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Policy for sale: the growth of life settlement sales is beginning to impact life insurance actuarial assumptions.

The growth in the life insurance secondary market, namely life settlements, is causing concern for life insurers, with experts saying life settlement transactions "distort" years of pricing assumptions life insurers have made on policies.

But one life settlement company's chief executive officer says that concern, and others, aren't warranted. A slow-moving insurance industry must recognize life settlements offer increased options for consumers with changing financial needs in an ever-evolving financial services market, he said.

A life settlement, as defined by A.M. Best Co., is an insurance policy sold by its owner--typically the insured or a trust--for an amount greater than the surrender value of the policy but lower than the face amount of the policy. The purchaser of the life settlement becomes the new owner and beneficiary of the life insurance policy and is responsible for making future premium payments and collecting the death benefits of the insured.

The life settlement market is an outgrowth of the viatical settlement market in which policies of the terminally ill are bought and sold. In the life-settlement market, however, insureds are enerally 65 years or older, with medical impairments resulting in shortened life expectancies, according to A.M. Best.

The life settlement market has experienced "enormous growth," said Alan Buerger, chief executive officer of Coventry First, a Fort Washington, Pa.-based life settlement company that caters to institutional, not individual, investors. Coventry First bought about $1.9 billion in face value of life insurance in 2004, he said. "No company prior to two years ago ... had ever purchased more than $1 billion in a year," he said.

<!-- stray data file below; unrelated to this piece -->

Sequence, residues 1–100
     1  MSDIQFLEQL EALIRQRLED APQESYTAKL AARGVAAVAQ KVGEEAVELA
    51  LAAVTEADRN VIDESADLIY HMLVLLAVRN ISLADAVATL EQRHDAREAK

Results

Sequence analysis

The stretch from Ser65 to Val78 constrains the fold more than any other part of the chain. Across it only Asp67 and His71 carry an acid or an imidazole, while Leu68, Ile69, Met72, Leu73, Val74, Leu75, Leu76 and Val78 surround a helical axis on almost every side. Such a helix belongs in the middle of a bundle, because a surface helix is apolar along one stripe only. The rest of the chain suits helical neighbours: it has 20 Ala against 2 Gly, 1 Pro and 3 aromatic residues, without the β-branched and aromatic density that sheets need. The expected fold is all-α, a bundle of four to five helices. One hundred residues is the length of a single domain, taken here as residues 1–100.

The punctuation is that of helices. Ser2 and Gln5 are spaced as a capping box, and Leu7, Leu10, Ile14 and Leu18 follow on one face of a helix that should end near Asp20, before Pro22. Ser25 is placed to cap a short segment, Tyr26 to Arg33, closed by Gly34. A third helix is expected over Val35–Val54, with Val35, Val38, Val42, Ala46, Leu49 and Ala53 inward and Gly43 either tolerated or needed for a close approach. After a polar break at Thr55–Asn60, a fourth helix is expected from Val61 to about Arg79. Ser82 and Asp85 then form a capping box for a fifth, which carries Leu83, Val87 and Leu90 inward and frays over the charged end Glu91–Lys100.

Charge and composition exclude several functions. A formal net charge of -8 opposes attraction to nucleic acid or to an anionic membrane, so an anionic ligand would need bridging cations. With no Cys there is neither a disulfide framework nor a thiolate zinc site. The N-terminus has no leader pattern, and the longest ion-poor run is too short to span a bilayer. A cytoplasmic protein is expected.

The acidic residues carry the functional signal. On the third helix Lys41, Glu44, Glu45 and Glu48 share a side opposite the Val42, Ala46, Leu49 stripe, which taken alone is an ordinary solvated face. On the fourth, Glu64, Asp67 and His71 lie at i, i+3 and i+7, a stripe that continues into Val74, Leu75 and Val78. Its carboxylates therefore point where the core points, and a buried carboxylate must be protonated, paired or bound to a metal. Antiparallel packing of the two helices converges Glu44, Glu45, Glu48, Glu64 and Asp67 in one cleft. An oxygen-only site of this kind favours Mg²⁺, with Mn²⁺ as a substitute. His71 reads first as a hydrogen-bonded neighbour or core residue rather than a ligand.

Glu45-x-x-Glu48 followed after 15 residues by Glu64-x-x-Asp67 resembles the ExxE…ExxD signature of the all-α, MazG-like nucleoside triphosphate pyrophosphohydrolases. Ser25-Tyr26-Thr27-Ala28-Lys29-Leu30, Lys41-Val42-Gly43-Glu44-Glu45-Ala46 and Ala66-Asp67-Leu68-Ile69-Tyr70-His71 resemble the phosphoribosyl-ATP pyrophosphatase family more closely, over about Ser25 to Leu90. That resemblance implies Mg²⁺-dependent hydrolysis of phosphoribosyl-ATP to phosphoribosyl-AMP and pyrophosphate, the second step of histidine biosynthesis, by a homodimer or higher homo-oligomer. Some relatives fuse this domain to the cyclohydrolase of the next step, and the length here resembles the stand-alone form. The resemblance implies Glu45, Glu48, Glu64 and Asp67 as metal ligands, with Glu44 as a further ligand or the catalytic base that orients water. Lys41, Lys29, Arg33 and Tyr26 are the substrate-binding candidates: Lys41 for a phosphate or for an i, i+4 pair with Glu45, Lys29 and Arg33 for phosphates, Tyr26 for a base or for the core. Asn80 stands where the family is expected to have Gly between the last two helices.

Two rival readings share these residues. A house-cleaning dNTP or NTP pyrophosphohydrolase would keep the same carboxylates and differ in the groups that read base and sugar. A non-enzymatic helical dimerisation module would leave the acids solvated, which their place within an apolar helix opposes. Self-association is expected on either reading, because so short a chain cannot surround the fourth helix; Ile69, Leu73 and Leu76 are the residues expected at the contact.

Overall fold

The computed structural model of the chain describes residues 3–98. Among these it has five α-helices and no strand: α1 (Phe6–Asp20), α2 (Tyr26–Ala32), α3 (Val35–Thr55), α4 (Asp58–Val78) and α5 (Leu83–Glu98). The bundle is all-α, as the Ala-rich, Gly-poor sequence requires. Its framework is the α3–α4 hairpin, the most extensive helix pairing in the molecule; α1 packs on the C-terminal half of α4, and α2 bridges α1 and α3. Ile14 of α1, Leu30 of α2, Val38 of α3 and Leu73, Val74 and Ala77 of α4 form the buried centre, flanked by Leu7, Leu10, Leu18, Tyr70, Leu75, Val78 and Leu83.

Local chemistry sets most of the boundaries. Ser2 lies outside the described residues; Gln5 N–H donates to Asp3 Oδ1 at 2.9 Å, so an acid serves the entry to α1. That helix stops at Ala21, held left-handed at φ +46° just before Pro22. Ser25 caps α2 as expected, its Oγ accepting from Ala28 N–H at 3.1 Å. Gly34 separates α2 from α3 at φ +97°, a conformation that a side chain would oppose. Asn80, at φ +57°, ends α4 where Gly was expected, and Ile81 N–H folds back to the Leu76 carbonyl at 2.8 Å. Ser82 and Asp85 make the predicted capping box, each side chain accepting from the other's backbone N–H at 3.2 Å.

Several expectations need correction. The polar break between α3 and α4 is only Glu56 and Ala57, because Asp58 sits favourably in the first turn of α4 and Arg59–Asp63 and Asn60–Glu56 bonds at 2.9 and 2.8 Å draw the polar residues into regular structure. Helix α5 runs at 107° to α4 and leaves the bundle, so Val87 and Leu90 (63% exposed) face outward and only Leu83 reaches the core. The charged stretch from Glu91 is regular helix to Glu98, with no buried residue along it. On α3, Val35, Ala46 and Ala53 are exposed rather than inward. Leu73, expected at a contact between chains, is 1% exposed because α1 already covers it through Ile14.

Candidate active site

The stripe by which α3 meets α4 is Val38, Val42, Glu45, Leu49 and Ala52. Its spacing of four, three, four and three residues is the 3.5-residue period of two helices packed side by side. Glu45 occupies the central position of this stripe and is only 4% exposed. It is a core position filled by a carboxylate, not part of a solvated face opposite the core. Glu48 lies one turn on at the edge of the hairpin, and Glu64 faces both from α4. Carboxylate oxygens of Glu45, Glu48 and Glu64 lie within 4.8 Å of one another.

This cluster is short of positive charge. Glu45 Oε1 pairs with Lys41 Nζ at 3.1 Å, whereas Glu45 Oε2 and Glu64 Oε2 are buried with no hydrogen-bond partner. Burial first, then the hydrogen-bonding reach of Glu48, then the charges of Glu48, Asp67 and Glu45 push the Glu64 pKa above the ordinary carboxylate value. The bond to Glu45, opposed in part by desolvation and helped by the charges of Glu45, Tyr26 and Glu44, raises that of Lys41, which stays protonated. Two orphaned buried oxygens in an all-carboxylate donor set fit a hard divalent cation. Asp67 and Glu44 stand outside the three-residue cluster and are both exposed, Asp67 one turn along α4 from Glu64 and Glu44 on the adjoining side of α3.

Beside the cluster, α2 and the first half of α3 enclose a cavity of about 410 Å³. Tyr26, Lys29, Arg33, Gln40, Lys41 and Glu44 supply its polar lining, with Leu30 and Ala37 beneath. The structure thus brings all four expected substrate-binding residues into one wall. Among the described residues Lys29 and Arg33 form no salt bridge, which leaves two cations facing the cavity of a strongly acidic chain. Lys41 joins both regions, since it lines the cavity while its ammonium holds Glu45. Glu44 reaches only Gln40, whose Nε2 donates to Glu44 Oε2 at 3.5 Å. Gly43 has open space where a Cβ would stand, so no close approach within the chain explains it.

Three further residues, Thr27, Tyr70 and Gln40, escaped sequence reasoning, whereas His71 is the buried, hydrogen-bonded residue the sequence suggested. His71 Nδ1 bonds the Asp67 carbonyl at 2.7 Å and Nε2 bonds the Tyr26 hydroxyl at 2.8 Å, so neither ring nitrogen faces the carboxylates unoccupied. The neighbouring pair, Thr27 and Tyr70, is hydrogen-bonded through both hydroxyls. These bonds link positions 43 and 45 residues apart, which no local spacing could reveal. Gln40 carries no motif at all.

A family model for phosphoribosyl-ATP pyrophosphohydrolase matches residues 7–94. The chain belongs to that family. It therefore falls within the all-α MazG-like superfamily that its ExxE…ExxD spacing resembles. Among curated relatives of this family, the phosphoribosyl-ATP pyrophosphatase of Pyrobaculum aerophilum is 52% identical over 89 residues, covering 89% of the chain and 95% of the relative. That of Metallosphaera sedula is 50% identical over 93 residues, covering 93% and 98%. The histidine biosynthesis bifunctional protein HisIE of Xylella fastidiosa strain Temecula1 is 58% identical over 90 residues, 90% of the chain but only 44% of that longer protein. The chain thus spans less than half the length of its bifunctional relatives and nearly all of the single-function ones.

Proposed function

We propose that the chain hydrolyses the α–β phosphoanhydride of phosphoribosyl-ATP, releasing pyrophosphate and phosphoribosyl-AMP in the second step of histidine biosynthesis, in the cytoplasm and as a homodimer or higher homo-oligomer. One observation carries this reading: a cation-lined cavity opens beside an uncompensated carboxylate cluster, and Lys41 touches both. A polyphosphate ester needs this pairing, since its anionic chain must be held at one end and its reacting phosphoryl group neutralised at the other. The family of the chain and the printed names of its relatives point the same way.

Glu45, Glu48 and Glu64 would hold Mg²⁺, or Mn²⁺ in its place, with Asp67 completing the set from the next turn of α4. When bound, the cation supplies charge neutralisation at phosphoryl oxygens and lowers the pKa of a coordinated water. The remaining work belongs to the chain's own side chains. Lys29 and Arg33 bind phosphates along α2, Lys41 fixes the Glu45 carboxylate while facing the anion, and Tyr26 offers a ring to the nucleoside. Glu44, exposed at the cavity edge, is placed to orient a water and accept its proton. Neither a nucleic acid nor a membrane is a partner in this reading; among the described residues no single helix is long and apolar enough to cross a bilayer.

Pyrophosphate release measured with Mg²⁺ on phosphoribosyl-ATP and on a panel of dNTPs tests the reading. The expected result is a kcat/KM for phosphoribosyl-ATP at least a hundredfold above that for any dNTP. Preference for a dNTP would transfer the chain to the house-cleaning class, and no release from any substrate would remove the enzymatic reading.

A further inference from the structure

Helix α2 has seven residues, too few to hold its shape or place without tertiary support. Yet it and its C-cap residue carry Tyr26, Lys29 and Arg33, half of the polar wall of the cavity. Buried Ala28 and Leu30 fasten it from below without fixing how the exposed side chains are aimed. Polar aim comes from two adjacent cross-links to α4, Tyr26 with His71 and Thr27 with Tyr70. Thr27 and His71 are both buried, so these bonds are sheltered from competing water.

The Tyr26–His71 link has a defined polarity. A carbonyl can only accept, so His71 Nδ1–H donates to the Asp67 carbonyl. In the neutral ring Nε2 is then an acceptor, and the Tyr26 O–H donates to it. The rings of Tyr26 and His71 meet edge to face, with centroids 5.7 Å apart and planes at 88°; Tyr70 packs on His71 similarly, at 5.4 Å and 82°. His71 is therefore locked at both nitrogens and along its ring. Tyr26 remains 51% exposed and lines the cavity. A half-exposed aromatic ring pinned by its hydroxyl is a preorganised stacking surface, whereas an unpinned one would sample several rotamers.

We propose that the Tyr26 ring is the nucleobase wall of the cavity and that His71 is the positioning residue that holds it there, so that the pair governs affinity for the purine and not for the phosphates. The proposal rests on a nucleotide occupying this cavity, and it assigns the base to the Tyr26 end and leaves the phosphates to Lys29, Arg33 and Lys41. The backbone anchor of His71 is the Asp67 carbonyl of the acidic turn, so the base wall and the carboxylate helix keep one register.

The total life settlement market in 2004 was about $6 billion of face value, Buerger estimates. "The market is growing ... there are so many new companies coming in," he said.

One skeptic, though, on the size of the market is Joseph M. Belth, professor emeritus of insurance at Indiana University and editor of Insurance Forum. "All of the promoters seem to think this is a huge market," he said. "But I don't know anything about the size of the market until I see sworn statements from state regulators or some regulator. There are none."

According to Buerger, those who may benefit from life settlements are an insured whose beneficiary has died; a policyholder whose premiums have become unaffordable; a policyholder with a poorly performing policy; and those with decreased estate values. Those who have divorced or entered bankruptcy also may benefit.

However, among the big concerns the life insurance industry has with life settlements is the lack of "insurable interest," which lends itself to fraud, said Belth. "The person who transfers his policy to a life settlement firm, transfers his policy to an entity that does not have an insurable interest in the life of the insured," he said. "In fact, they have just the opposite. They have a financial interest in the death of the insured--the sooner the better."

Coventry First's Buerger took issue with that statement. "Let's say a life insurance company sold an annuity where the annuitant receives an income for the balance of their life," Buerger said. "The life insurance company makes more profit the sooner the annuitant dies because the insurance company stops making payments."

But the bottom line is that life settlements have provided additional options for consumers, Buerger said.

"The insurance industry is frequently slow to embrace new ideas," he said. "For example, when I started in my career ... if a life insurance agent got licensed to sell mutual funds, they were considered unethical and were immediately terminated by the life company.

"It's hard to imagine today, given that they all own mutual fund groups, that they are all in the equities business for their producers," Buerger said.